By Jeremy Hallock
By James Khubiar
By Observer Staff
By Kelly Dearmore
By Jim Schutze
By Rachel Watts
By Lauren Drewes Daniels
But Pankratz is no kewpie-doll gimmick: the 26-year-old Dripping Springs native is among the best drummers around, a gun-for-hire who's in no band and all bands. Having sat in with everyone from would-be Austin surf-rock legend Teisco Del Ray to country-boy Don Walser to Dawson, she's quickly established quite a reputation as a musician who's adept at all styles while maintaining her own.
She began her professional career playing with her dad, a rhythm and blues drummer around Austin in the '60s, in the reggae band I-Tex; shortly before she left for Rice in 1990, she formed her own band, the rockabilly-and-jazz 47 Indians, which broke up in 1991. She nearly found herself in a band with two-thirds of High Noon until they added another member and decided to go rockabilly without percussion, which left Pankratz free to play with whomever she wanted or whoever called.
"Hopefully, part of what's unique to me is being able to fit in and complement the musicians I play with," she says. "I'm not sure I have a style of drumming. Maybe that's a developing thing. I don't know. I think too much, and if I start thinking about my style I'll psyche myself out. Sometimes I think way too much and I have to remind myself to stop thinking and play. I think I provide a real solid backbeat when it's called for, but there's room, too. I feel like a lot of my favorite drummers are about what they don't do as much as what they do."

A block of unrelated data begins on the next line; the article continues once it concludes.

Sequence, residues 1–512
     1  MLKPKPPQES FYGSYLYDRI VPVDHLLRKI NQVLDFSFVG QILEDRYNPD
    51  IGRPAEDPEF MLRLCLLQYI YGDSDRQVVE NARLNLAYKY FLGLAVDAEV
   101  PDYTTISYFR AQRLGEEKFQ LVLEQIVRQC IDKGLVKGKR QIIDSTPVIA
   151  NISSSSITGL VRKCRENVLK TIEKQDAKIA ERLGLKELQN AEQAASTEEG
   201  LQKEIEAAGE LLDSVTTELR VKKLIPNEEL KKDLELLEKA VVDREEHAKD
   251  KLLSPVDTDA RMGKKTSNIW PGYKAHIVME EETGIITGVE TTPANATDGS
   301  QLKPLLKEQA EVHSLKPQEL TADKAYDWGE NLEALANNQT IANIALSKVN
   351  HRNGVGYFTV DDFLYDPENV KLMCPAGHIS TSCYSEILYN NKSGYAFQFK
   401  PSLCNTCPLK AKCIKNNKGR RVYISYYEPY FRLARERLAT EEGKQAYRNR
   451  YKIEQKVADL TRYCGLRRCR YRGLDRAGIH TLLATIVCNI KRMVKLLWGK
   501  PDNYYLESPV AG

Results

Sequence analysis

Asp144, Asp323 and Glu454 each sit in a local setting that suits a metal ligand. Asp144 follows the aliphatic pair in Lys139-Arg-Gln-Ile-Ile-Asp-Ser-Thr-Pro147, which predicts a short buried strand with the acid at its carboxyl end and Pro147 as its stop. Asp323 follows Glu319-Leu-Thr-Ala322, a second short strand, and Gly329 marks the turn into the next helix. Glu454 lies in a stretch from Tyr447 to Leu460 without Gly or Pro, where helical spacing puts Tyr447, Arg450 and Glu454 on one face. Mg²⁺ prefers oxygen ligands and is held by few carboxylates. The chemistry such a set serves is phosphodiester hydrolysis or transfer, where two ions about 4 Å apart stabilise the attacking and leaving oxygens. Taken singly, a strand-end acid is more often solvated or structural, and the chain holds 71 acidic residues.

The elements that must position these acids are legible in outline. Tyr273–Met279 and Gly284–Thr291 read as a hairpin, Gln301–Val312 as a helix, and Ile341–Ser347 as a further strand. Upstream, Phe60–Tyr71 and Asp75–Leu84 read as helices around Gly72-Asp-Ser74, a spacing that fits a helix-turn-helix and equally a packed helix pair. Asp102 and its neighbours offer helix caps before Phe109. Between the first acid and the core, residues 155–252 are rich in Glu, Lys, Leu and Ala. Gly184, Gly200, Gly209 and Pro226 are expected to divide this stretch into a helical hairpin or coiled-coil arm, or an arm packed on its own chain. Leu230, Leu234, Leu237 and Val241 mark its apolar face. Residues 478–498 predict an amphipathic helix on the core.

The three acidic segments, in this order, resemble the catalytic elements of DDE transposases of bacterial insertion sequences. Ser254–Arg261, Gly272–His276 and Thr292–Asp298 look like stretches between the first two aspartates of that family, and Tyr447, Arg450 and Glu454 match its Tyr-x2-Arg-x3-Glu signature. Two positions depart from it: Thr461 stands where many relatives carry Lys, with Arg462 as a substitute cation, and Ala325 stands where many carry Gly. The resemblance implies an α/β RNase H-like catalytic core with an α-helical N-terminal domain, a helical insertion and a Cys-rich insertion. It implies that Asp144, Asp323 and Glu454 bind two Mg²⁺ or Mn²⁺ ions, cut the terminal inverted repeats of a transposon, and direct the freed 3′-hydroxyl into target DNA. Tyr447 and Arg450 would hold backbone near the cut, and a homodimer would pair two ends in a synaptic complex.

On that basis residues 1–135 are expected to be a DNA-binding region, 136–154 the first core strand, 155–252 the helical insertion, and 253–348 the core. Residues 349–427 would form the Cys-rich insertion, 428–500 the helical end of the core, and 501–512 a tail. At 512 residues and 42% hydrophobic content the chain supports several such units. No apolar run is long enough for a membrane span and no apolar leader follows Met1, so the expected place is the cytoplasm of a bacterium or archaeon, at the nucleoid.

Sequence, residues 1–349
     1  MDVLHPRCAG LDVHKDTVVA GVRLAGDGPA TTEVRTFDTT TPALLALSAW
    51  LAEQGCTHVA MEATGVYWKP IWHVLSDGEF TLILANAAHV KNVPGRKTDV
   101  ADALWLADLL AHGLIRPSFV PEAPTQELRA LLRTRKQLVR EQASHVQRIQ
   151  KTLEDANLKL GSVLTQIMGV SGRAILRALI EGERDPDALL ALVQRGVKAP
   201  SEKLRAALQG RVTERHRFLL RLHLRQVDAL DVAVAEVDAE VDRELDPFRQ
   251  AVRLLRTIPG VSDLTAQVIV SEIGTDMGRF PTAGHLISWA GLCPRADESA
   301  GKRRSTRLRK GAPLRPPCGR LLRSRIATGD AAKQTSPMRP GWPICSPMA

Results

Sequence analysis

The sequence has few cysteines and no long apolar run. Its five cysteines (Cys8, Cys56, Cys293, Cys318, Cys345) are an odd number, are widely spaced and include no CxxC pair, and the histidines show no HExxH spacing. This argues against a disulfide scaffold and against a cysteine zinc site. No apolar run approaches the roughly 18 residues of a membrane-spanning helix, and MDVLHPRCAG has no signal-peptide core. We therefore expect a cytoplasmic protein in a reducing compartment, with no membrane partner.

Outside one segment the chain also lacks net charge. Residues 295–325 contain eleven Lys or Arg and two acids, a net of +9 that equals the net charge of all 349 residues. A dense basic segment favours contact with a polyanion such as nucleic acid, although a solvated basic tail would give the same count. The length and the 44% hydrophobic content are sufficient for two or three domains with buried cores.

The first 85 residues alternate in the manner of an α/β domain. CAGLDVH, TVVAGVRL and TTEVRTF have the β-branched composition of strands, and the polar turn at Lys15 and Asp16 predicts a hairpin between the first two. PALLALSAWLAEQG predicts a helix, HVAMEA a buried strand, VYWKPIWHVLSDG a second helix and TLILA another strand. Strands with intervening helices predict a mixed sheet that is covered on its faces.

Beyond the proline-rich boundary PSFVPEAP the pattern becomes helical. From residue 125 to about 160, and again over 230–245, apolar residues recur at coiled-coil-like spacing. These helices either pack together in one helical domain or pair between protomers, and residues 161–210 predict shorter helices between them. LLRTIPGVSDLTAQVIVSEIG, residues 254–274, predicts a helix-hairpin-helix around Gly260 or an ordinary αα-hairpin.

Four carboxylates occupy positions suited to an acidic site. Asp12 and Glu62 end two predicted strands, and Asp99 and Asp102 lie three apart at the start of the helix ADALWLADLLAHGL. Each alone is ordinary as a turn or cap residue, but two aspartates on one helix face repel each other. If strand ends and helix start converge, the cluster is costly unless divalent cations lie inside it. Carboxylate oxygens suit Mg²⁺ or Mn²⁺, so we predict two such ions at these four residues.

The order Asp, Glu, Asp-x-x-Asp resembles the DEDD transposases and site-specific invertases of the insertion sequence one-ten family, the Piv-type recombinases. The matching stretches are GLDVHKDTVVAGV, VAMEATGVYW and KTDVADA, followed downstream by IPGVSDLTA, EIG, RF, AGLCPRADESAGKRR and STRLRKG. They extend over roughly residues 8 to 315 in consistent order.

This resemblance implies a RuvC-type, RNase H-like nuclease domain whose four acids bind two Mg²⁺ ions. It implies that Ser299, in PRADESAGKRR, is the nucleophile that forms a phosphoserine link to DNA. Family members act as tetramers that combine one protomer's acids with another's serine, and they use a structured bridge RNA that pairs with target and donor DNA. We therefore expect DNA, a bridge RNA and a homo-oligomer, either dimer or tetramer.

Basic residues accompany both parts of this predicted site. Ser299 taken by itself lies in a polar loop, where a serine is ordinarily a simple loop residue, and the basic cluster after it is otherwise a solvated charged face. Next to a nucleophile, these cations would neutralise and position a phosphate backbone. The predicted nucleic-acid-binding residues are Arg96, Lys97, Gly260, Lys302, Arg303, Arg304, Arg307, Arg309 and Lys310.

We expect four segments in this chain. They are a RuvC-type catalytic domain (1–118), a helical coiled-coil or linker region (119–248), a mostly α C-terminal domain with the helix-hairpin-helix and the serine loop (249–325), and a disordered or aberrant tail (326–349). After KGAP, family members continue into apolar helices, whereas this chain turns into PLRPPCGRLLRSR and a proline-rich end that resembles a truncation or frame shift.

Ronnie Dawson and High Noon with Lisa Pankratz perform November 5 at Sons of Hermann Hall, 3414 Elm, at 9 p.m. This will be Dawson's last performance in town for a good while because he's set to return to London to finish recording his next album, due to be released early next year. In the meantime, he has just released a killer, brand-new single on the Rock-A-Billy label out of Colorado, "Boy Next Door"/"Rockin' Boppin' Fever."
DUMP on this
When is an underground-rock fest not an underground-rock fest? When it has corporate sponsorship from Shiner Bock, that's when. Otherwise, the 1st Annual Dallas Underground Music Party (which organizers refer to as "The DUMP") bears a striking resemblance to last year's initial Wake Up, Dallas! showcase: for two nights, some of the area's best (and not-best) punk bands play 15-minute sets at the Galaxy Club to raise awareness about The Scene. John Freeman will even emcee the proceedings, having proved himself the Ed Sullivan of such events at last year's Wake Up! debut.
On November 4, the bands performing will include: Baboon, Trucker Pussy (formerly Headswim, and not to be confused with Thunder Pussy), Vibrolux, UFOFU, Brutal Juice, El Kabong, Bad Hair Day, Alan Parsons Projectile, Thermus, and Superphat. The following night's lineup will include: Grand Pricks, Lithium X-Mas, Feckweed, Trailer Park, Loveswing, The Millionaires, The Soup, Duck Duck Annihilation, Cobbler, Panzee, and Hodge Podge. Admission is $3 each night for the 21 and over crowd; $5 for 18 and under.